How do you cure ham and bacon

How can I cure and store bacon in a warm climate?

Most of the bacon home hardening methods you will read use semi-dry hardening, which involves covering the bacon with a hardening mixture and then allowing it to sit in the resulting brine of salts, sugar, and fluid excreted from the meat. This is likely because most people are more comfortable using their refrigerator and making even a small amount of bacon. The key to what you are looking for is dry curing with drainage . Using a hardening mix that includes nitrates (traditional) or nitrites (modern) plus a draining board or table creates a quick hardened meat product that is stable and can be made at temperatures above the refrigerator. The disadvantages are that the end product has a greater meat weight loss due to the loss of water, the product has a more pronounced taste and is salty, but is also better preserved. This method works best for meat that is not cooked but is smoked and air dried, or just air dried. It is the best curing method for people who live in hot climates or who do not have refrigeration.

In the south, bacon and ham production was traditionally carried out in late autumn to take advantage of natural cooling and reduce spoilage during the air-drying part of the curing process. The second traditional way that bacon was a staple in the south was through the use of root cellars.


In order to ensure a continuous salt supply and uninterrupted hardening of the meat, the dry hardening takes place in a few steps.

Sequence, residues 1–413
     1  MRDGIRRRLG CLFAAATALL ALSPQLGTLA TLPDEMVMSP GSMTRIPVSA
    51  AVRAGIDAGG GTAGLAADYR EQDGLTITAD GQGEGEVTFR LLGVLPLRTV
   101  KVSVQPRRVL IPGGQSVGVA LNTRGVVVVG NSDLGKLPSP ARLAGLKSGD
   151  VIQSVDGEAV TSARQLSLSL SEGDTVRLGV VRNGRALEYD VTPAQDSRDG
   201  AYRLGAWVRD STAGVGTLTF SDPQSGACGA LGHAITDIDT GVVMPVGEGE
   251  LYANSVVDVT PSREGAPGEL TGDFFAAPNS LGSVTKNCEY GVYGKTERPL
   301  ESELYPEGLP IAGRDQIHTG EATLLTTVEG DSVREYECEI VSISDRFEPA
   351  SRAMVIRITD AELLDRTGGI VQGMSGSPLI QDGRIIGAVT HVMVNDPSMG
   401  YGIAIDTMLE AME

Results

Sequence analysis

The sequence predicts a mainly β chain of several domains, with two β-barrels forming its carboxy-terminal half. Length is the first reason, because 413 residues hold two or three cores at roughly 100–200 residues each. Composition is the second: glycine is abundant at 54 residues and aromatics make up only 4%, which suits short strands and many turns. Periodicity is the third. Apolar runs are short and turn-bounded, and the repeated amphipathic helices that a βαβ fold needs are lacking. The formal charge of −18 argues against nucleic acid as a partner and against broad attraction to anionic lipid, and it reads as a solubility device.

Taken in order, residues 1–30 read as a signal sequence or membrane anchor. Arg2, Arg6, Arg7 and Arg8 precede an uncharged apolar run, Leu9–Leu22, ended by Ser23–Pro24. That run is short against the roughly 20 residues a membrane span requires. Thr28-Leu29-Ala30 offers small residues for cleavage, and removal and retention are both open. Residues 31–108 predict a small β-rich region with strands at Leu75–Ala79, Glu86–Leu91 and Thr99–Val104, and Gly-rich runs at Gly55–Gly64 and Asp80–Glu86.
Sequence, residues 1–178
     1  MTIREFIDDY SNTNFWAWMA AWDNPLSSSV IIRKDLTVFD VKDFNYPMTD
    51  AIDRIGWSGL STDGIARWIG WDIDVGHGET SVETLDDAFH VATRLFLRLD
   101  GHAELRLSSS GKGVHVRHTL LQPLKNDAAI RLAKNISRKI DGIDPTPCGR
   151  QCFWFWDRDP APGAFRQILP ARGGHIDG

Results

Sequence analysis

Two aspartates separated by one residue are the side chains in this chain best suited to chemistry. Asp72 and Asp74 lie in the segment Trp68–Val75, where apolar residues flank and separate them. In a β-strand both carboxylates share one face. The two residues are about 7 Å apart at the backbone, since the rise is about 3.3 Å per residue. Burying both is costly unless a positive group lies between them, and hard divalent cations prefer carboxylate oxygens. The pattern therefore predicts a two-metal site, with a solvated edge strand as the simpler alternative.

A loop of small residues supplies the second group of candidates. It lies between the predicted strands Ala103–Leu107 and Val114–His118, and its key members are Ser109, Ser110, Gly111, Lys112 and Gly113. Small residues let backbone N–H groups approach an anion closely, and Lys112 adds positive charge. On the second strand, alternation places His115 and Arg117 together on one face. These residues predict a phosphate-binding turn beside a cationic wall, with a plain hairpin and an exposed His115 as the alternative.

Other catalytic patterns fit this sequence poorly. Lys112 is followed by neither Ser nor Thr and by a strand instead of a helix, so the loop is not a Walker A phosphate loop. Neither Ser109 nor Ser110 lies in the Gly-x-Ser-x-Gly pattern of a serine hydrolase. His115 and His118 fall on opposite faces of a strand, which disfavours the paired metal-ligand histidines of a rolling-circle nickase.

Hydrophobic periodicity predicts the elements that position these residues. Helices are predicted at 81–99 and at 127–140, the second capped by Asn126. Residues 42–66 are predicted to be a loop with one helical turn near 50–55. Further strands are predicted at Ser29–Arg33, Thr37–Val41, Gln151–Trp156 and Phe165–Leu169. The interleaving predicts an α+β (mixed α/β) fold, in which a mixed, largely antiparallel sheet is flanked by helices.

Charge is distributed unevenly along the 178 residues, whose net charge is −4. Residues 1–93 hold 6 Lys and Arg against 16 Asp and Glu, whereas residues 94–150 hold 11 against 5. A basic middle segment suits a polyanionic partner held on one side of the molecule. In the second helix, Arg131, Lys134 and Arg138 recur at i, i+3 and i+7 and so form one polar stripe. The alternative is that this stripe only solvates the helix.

• The medicinal ingredients should be mixed thoroughly. The mixture should be rubbed into the meat in a ratio of 1: 100, hardening the salt mixture into meat by weight. During this initial salting of the meat, it is important to thoroughly cover the entire surface of the cut of meat with the salt mixture, as the high salt content and cooler temperatures are the only means of protection against the growth of spoilage bacteria.

  • Then the meat would be tightly packed in a container with larger pieces like ham at the bottom and smaller pieces on top so that each piece would hold its shape. The meat is packed close to the skin. Liquid removed from the meat collects at the bottom of the container and if the holes were made it would drain away. (If you'd like to experiment with smaller amounts of meat, you can do this part of the process on a flat tray that's at an angle to allow the juices to drain off, or in a perforated pan.)

As a rule of thumb, a 2 day cure for each pound of the original meat weight is considered. Turn the meat over after 3 days, and every 7 days thereafter, making sure that the entire surface is covered with salt. (For bacon that is stored for long periods of time or exposed to higher temperatures, the curing process will most likely be revised, replacing the salt mixture at least 1 time during the process.)

  • After curing is complete, the pieces of meat must be rinsed in fresh water to remove crystallized salt that would build up on the surface and prevent smoke from entering successfully. Pat dry, then hang the meat or lay it on wire mesh to dry overnight. Store meat overnight or for up to 2 days in the refrigerator or in the cool root cellar. Allowing the bacon to dry uncovered in a cool place the night before you plan to smoke it will encourage smoke retention through pellicle formation.

  • At this point, you smoked the bacon and then left it to air dry in a cool barn (fall and winter) or a root cellar. Like country ham, the bacon would likely be stored by hanging it in a muslin sack in the root cellar.

  • Bacon made this way is salty than modern bacon. If you find it too salty, you can blanch it in boiling water for 30-60 seconds just before frying to reduce the salt.

Curing Methods Info


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